P&S Journal: Winter 1995, Vol.15, No.1
Columbia-Presbyterian and Its Community: A Changing Relationship
Despite improvements in the Medical Center's commitment to the community, difficulty persists in spreading the word through the community. Perception is slow to change. As director of public affairs, Ivy Fairchild is concerned that many people in the community think of the Medical Center simply as "The Hospital." Mitch Gipson, Audubon Park's executive director, speaks of "the brick wall on Broadway" that separates the Medical Center from the community.
This problem, like others that have been overcome, is being solved. Time, hard work, and the grapevine are at work, both in the community and farther afield. The superintendent of a local apartment building says, "It's as though the Medical Center holds an umbrella over the areas near it. If the umbrella is growing, that has to be good." Professor Emeritus Ross M. Grey, former director of comparative medicine at P&S, was responsible for establishing the first 4-H Club in New York City in the 1970s, and he and his assistant, Dr. Doris Mitchell, ran career workshops for neighborhood children. Seeing the changes evolving at the Medical Center, Dr. Grey says, "It's the decent thing to do, to open up the community you're in. It's practical and compassionate."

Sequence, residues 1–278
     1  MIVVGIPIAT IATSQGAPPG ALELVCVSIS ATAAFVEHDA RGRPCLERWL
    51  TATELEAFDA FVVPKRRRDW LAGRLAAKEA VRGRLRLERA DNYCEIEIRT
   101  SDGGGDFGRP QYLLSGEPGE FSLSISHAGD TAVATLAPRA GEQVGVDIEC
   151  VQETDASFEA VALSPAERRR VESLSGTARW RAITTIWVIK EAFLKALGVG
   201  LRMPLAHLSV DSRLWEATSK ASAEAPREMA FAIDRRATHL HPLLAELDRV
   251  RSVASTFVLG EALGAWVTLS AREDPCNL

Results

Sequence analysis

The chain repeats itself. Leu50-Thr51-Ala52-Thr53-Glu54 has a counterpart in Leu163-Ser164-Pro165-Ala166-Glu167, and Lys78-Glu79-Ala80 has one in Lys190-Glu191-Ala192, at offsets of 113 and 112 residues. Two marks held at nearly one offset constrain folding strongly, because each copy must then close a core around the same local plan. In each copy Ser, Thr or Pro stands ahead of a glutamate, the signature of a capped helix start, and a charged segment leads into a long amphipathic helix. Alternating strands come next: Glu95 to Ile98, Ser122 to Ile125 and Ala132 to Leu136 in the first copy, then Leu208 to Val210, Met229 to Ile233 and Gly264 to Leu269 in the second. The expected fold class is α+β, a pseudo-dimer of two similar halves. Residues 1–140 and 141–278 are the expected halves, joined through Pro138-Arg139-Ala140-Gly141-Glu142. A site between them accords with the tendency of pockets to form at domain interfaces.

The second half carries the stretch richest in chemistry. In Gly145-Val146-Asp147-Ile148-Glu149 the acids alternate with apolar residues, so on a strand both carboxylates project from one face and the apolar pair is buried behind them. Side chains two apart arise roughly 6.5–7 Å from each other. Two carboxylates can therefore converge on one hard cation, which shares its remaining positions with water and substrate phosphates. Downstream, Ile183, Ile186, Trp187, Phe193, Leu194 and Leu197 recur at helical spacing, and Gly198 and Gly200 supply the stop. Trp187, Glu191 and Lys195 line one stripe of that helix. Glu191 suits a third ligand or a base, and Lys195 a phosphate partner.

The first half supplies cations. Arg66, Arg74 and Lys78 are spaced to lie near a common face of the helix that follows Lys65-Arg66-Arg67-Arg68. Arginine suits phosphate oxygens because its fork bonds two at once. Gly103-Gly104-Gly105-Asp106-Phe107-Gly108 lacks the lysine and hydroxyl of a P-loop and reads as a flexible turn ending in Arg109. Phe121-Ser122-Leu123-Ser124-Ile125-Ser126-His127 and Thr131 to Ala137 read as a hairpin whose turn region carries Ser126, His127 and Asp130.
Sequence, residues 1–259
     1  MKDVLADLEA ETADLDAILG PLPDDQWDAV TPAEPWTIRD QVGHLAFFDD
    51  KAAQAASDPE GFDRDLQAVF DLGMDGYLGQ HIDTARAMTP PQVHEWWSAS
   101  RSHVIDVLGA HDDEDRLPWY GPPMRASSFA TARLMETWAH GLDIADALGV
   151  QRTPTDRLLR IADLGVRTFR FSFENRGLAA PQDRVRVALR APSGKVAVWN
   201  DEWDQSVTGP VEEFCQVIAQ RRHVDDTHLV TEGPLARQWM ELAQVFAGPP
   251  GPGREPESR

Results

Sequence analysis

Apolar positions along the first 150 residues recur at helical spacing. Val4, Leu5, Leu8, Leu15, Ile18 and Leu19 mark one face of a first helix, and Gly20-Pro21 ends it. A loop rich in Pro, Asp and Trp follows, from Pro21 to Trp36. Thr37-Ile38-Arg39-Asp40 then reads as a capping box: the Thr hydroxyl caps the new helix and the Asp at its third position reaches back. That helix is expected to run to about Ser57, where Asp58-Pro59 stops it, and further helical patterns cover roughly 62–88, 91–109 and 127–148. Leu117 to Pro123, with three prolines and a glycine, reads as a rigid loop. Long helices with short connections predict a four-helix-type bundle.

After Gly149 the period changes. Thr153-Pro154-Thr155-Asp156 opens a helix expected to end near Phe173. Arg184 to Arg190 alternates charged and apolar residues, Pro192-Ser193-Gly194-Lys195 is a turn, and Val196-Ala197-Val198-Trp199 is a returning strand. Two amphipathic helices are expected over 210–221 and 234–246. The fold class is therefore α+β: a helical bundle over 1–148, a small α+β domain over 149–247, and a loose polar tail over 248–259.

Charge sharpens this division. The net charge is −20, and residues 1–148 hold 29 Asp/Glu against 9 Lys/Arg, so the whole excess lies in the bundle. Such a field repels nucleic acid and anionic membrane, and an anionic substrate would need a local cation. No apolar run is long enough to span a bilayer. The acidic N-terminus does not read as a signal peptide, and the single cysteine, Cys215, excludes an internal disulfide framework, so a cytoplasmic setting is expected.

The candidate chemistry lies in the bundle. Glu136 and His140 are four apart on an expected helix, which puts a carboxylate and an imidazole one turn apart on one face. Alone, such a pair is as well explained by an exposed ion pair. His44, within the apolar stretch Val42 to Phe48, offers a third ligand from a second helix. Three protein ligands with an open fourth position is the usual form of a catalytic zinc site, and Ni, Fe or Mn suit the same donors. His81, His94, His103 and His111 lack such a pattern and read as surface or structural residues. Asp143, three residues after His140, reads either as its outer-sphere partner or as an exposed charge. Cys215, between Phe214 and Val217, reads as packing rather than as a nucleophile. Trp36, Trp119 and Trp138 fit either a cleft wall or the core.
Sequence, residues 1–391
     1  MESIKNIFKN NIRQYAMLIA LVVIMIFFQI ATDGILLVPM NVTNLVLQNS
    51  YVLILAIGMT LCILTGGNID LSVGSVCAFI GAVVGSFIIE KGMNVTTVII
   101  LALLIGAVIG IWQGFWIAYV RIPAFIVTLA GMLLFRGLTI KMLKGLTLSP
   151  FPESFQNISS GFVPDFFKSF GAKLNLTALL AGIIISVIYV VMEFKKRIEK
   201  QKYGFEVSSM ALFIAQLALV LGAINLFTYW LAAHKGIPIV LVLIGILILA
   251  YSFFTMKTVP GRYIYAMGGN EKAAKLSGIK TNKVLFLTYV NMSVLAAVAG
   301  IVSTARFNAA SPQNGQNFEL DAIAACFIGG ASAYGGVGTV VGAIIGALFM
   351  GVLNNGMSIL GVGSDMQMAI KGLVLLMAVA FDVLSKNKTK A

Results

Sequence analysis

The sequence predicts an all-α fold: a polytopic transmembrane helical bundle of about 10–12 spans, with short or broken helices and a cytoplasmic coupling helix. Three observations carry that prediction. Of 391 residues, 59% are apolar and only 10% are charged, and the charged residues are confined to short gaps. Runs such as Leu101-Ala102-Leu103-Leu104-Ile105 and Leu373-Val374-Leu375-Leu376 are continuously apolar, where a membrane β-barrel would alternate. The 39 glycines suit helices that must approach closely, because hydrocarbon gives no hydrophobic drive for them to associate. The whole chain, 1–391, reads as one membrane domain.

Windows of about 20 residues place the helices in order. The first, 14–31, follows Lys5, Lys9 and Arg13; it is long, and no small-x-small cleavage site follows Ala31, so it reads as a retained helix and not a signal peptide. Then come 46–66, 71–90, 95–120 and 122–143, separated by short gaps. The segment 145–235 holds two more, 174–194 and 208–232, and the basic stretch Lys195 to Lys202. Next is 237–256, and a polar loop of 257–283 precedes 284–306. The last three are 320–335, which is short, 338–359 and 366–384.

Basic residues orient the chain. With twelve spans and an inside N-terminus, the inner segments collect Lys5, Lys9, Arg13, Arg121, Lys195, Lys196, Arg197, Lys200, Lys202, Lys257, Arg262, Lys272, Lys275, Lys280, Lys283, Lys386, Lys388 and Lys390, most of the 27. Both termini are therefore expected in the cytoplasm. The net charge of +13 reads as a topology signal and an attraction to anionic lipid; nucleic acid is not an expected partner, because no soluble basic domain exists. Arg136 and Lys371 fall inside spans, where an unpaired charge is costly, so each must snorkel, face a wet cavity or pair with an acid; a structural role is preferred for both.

It is too soon to predict either the degree or the speed of change that will ensue from the initiatives within the Medical Center. On the other hand, there is little room for doubt that change is coming, and for the better. The intelligence, firmness of purpose, and energy being brought to bear on all matters pertaining to the relationship between the Medical Center and its community are bound to bear fruit. Mitch Gipson says, "There is real momentum now in the whole effort, a sense of belief and excitement. People want it to work and there is nothing but cooperation about how to make it work. When one begins to speak and act affirmatively about change, people do start to believe in it."
Jeanne Cole has lived in Washington Heights for more than 20 years. In writing this article, she has begun to re-think her recent longings to leave the neighborhood. "I think I'll stay now to see what happens," she says.